Peachtree City citizens first-hand police officer experience

Peachtree City police held a special class Saturday aimed at tackling the tough conversation surrounding police use of force.

Everyday citizens got the chance to put themselves in an officer's shoes when it comes to dealing with tense situations.

It wasn’t a sit down and lecture type of class.

Organizers gave those who signed up a hands-on experience.

“I want it to be a learning experience. I want people to have a positive experience with us,” Lieutenant Ken Ralls said.

Peachtree City Lieutenant Ken Ralls said the course usually takes place during a longer citizens police academy but COVID-19 forced them to find a new way to connect.

“The biggest question we seem to be getting is about police use of force so we took that part of the police academy out and incorporated it into smaller blocks,” Ralls said.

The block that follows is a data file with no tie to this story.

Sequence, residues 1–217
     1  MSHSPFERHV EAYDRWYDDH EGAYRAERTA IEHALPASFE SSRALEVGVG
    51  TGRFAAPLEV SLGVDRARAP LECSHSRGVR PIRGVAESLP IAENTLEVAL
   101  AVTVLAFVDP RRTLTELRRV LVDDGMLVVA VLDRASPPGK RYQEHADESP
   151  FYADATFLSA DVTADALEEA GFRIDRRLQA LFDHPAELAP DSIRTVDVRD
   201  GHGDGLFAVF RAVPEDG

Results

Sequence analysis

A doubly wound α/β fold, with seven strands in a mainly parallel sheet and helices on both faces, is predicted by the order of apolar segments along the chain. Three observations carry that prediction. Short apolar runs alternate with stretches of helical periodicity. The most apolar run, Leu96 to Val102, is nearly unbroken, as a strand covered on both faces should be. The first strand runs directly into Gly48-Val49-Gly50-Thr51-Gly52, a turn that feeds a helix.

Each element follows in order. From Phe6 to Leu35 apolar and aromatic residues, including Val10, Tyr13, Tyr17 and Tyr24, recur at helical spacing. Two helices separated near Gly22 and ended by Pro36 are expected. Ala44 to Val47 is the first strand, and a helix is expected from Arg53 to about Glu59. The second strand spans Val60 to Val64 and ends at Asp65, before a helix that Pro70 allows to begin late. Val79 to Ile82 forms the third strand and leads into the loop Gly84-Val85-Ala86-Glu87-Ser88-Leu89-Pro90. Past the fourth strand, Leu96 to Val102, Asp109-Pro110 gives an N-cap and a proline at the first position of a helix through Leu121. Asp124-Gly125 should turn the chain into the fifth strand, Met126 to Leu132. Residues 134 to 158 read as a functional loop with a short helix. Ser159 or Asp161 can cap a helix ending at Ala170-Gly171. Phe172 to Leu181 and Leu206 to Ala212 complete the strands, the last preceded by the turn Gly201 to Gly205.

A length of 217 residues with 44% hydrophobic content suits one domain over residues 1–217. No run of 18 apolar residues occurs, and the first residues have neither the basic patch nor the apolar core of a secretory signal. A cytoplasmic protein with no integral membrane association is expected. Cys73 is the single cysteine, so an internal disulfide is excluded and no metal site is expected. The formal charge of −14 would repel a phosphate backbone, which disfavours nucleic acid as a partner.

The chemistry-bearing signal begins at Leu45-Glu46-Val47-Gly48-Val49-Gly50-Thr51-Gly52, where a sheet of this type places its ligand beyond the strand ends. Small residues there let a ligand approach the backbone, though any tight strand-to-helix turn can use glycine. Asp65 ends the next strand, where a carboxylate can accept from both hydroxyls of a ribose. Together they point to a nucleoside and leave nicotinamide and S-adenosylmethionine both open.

Those who signed up for the free course went over techniques, asked questions and got a chance to connect with the men and women who are sworn to serve and protect them.

“Unfortunately people have interactions that aren’t the best times. They don’t call us for the birthday parties they call us for the divorces so we would like to have some positive interactions,” Ralls said.

Then it was time for the citizens to wear the badge and become officers.

In this scenario, they were faced with a man who broke into a building.

“It’s not scripted. It’s not pretty and unfortunately, it happens,” Ralls said.

“Let me see some id on you. Go slow! “ one Citizen yelled during the exercise.

While the security alarm blared some demanded identification.

“Slowly! Give it slowly,” Another Citizen said before firing a simulation shot.

Others pulled their simulation weapon and fired a shot into the dimly lit area.

“Does it give you a different way of looking at it in that scenario,” the trainer asked.

Afterward, it was back to the classroom to review what happened.

Lt. Ralls hopes those that come out will leave with a better understanding and a deeper connection.

“We are here to serve the public. We work for you and we want to make sure you know where we are coming from and thinking certain things,” Ralls said.

Officials plan to have more classes similar to this in the upcoming weeks.

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